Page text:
Jessica McClelland, PhD, of King’s College London, and colleagues evaluated anorexia patients before and after they underwent rTMS, a treatment approved for depression.
“With rTMS we targeted the dorsolateral prefrontal cortex, an area of the brain thought to be involved in some of the self-regulation difficulties associated with anorexia,” Dr McClelland said in a King’s College London news release. “We found that one session of rTMS reduced the urge to restrict food intake, levels of feeling full, and levels of feeling fat, as well as encouraging more prudent decision-making. Taken together, these findings suggest that brain stimulation may reduce symptoms of anorexia by improving cognitive control over compulsive features of the disorder.”]
“Anorexia nervosa is thought to affect up to 4% of women in their lifetime. With increasing illness duration, anorexia becomes entrenched in the brain and increasingly difficult to treat. Our preliminary findings support the potential of novel brain-directed treatments for anorexia, which are desperately needed,” study senior author Ulrike Schmidt, Dr.Med., PhD, a professor from King’s College London, said in the news release. Because of the promising findings, the researchers are testing rTMS to see if it offers longer-term benefits for people with anorexia nervosa, Dr Schmidt added.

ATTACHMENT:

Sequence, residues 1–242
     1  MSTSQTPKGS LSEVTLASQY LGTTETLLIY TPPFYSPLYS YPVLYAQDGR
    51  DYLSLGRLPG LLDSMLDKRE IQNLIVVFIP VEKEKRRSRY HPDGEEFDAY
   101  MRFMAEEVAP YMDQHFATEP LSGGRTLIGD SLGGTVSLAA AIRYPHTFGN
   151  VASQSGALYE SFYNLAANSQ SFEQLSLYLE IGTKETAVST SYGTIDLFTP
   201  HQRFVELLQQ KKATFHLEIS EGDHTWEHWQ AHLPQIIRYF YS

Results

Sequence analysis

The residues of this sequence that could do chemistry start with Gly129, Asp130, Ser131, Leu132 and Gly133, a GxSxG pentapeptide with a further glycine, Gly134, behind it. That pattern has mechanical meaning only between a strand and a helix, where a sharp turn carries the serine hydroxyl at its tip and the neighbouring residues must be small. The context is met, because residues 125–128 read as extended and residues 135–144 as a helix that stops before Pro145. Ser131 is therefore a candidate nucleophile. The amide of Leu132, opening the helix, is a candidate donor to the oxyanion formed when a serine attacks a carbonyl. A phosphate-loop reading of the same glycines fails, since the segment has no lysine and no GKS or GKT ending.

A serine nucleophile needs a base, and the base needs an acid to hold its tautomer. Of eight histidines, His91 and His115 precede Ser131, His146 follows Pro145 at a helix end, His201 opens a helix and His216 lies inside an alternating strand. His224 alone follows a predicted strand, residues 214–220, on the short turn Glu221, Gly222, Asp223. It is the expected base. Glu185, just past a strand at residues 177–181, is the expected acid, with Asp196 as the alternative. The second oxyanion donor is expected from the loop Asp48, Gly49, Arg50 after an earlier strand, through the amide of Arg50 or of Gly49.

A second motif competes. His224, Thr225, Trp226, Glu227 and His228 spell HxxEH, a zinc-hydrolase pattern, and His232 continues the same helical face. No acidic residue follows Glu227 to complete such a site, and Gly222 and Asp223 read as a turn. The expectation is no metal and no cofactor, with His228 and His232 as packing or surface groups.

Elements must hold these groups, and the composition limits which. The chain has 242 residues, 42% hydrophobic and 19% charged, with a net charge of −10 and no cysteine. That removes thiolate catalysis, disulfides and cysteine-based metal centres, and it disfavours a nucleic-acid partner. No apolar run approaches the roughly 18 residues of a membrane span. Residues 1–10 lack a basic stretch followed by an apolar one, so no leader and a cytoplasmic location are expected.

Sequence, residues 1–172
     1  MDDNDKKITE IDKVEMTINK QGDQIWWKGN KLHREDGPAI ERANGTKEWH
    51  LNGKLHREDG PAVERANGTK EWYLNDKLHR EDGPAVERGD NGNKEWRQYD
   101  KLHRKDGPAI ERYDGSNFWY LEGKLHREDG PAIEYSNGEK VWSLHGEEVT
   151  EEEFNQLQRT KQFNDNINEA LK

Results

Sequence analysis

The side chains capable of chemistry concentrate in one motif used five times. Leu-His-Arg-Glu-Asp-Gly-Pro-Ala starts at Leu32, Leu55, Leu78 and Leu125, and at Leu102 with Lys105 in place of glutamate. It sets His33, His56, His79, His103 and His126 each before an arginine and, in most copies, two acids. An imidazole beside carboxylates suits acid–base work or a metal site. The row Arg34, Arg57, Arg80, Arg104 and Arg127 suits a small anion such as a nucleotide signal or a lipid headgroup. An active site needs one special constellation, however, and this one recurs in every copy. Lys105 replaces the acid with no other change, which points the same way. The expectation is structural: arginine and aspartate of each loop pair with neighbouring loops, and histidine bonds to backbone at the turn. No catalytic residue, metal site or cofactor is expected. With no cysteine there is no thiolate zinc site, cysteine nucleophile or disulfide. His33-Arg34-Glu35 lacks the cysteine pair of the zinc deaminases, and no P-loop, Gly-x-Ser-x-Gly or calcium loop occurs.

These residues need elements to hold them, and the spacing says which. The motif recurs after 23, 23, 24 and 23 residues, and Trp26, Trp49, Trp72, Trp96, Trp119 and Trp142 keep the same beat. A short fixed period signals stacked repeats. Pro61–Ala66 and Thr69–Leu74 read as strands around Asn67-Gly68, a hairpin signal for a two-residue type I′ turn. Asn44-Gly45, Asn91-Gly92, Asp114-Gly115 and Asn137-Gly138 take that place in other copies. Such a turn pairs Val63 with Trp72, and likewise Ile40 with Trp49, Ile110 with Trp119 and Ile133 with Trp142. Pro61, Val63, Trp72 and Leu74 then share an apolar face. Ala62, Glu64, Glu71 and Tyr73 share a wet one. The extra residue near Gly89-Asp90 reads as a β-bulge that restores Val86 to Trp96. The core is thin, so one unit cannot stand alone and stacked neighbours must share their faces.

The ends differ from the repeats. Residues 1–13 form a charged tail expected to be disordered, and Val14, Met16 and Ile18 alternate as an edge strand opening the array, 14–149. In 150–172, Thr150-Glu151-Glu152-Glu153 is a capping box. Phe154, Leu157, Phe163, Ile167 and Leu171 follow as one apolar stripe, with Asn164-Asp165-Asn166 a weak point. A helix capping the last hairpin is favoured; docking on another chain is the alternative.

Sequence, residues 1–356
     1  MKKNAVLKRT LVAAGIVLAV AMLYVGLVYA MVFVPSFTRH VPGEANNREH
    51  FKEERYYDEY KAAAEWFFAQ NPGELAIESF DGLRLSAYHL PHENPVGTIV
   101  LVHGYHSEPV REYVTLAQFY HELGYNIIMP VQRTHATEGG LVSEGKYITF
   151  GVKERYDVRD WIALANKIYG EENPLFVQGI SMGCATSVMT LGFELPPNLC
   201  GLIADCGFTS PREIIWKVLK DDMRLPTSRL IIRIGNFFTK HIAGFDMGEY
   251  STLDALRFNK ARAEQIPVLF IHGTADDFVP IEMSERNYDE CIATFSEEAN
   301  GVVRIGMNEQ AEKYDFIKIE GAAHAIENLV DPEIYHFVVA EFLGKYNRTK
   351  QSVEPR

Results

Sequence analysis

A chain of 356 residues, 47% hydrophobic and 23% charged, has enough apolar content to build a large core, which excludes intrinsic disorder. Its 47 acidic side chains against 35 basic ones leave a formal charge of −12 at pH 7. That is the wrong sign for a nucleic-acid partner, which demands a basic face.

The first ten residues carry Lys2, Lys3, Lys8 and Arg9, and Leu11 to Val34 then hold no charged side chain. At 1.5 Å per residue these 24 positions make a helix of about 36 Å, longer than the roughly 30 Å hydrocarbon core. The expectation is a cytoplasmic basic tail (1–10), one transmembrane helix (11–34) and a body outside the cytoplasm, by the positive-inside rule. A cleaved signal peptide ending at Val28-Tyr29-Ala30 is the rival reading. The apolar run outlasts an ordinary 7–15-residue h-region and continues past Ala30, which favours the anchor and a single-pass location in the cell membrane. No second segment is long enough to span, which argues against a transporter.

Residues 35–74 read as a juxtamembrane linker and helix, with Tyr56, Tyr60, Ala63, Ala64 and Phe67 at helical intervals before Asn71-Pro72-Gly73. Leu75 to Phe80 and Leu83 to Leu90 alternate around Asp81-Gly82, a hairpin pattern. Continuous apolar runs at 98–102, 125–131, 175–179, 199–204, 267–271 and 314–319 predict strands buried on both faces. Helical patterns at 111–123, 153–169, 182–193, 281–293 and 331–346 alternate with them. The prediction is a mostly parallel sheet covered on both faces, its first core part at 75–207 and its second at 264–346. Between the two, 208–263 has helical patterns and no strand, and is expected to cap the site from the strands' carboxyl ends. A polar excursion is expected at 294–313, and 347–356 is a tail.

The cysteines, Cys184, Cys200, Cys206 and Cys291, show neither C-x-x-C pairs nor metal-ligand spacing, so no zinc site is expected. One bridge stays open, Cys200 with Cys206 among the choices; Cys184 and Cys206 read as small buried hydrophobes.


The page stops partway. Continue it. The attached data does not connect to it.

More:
McClelland J, Kekic M, Bozhilova N, et al. A Randomised Controlled Trial of Neuronavigated Repetitive Transcranial Magnetic Stimulation (rTMS) in Anorexia Nervosa. PLOS One. 2016; doi:10.1371/journal.pone.0148606.
This article first appeared on ‘Psychiatry Adviser’ on 28 March 2016.